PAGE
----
The BIS has joined forces with the central banks of France and Switzerland on a cross-border CBDC initiative.

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The central bank’s digital currency experiment will test cross-border settlement of fiat currencies in France and Switzerland.

The Bank of France and the Swiss National Bank are collaborating with the Bank for International Settlements’ Innovation Hub to test “Project Jura,” a wholesale central bank digital currency (CBDC) system.

According to a release by the Bank of France on Thursday, the Project Jura pilot study will also draw participation from a private consortium led by global service company Accenture. Other establishments in the private consortium include Credit Suisse, UBS, SIX Digital Exchange and R3.

The experiment will reportedly use two wholesale CBDCs — one pegged to the euro and the other pegged to the Swiss franc. According to the announcement, the process will involve the exchange of financial instruments against each wholesale CBDC via a delivery versus payment settlement apparatus.

As part of the statement, the Bank of France announced that both sides of the transaction will be settled in banks based in the two nations.

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Jura is an offshoot of the French central bank’s substantial work on CBDCs, in which several large European financial institutions have participated. The central bank chose eight financial institutions to test its interbank CBDC initiative in July 2020.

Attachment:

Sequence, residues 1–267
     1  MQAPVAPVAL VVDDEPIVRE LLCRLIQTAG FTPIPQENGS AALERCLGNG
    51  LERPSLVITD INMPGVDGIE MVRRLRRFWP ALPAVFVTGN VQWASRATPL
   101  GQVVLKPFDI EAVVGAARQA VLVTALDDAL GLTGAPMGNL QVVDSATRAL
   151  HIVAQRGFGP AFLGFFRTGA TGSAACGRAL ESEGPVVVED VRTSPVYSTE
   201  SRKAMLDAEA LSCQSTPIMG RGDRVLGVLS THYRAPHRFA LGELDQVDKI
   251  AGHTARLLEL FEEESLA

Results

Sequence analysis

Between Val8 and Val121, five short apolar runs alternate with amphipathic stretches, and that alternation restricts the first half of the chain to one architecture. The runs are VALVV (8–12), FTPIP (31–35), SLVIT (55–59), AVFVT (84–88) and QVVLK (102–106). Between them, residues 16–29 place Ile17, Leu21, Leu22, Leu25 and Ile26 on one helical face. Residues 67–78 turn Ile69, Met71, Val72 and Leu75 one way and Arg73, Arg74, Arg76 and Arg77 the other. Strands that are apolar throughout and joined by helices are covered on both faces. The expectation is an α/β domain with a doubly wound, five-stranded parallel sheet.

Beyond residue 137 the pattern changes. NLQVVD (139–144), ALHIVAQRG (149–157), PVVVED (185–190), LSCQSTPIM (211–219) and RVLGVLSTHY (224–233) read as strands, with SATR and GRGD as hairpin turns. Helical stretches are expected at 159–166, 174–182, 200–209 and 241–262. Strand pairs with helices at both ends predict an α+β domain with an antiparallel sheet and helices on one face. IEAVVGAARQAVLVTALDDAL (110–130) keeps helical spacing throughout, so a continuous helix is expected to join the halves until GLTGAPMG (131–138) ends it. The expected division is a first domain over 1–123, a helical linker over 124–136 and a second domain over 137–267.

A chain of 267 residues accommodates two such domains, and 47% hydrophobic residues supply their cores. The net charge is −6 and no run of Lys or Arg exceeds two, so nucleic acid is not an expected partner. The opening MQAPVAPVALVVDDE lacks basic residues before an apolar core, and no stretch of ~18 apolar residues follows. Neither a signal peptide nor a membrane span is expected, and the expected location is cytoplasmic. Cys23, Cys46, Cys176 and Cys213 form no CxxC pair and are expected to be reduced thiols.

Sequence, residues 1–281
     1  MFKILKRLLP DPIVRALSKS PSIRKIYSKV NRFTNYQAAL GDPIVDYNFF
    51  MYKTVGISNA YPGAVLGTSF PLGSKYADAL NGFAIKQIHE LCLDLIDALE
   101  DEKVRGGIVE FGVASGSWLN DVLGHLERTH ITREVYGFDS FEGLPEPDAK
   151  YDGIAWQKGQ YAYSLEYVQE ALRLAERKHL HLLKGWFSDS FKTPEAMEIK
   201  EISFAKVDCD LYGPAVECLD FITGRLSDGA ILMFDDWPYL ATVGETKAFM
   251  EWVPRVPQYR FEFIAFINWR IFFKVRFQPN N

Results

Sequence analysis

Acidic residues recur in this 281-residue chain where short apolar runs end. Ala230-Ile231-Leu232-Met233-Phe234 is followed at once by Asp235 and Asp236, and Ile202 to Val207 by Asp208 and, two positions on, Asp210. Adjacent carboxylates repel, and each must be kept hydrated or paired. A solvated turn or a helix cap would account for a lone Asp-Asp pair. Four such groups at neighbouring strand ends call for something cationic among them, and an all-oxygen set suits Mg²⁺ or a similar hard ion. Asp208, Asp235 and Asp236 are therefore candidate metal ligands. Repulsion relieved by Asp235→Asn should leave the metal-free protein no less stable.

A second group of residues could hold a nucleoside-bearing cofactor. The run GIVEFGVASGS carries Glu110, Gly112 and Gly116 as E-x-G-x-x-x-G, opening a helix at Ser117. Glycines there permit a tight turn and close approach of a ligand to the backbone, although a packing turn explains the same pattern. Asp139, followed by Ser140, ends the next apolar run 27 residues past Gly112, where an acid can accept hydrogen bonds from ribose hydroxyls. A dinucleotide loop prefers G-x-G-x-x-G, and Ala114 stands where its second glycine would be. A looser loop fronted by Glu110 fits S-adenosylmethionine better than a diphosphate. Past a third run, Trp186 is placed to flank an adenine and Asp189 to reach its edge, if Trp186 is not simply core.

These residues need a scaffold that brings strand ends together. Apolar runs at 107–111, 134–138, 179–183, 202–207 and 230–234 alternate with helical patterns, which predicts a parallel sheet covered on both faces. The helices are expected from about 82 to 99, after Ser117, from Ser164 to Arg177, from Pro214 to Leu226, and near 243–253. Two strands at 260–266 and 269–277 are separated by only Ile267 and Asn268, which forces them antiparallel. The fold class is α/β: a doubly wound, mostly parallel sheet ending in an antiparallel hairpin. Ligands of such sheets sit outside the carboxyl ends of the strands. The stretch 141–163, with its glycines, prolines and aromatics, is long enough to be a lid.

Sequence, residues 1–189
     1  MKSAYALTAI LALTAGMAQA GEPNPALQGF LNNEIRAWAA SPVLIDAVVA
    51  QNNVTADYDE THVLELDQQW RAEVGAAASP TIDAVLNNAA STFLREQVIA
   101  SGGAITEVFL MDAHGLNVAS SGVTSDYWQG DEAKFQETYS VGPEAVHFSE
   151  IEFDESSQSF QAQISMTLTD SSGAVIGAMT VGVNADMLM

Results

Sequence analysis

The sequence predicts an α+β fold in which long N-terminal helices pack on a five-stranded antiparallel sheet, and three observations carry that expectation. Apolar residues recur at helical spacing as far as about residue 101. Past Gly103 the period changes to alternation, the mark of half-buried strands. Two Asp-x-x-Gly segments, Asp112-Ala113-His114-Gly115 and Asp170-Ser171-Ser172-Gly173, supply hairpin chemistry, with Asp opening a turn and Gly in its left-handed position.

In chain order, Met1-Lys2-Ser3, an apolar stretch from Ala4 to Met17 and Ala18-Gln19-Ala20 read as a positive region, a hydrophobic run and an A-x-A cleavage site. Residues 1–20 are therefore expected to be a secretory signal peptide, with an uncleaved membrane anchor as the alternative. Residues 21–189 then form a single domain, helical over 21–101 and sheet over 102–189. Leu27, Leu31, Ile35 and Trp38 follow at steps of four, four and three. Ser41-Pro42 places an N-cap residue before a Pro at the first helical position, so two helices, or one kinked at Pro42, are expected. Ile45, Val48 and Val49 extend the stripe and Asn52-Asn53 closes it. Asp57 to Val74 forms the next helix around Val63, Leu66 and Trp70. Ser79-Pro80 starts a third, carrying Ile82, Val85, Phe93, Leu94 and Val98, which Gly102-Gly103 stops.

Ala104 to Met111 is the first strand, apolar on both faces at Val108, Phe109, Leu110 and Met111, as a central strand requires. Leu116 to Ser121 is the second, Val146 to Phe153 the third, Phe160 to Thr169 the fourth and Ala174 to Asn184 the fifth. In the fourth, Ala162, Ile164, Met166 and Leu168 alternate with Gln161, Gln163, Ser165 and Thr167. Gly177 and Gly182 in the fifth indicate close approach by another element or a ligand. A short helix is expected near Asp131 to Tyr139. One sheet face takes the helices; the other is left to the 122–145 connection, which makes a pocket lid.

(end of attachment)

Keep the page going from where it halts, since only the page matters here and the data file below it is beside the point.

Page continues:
Cointelegraph earlier revealed that the Bank of France agreed to invest $2.4 million in a CBDC pilot programme in December 2020.

However, the Bank of France circular clarified that Project Jura remains an exploratory study and does not indicate any plans to issue a CBDC by another of the participating central banks.

International collaboration is increasingly becoming a focus of CBDC development, with attempts being made to build workable protocols for cross-border settlements among central banks. In Asia, Hong Kong and China are experimenting with cross-border use of the latter’s digital yuan.

Indeed, Hong Kong and China are both part in a larger cross-border CBDC scheme, as are the central banks of Thailand and the UAE. The Eastern Caribbean Central Bank CDBC “DCash” became active in four of the currency union’s eight member countries in April.

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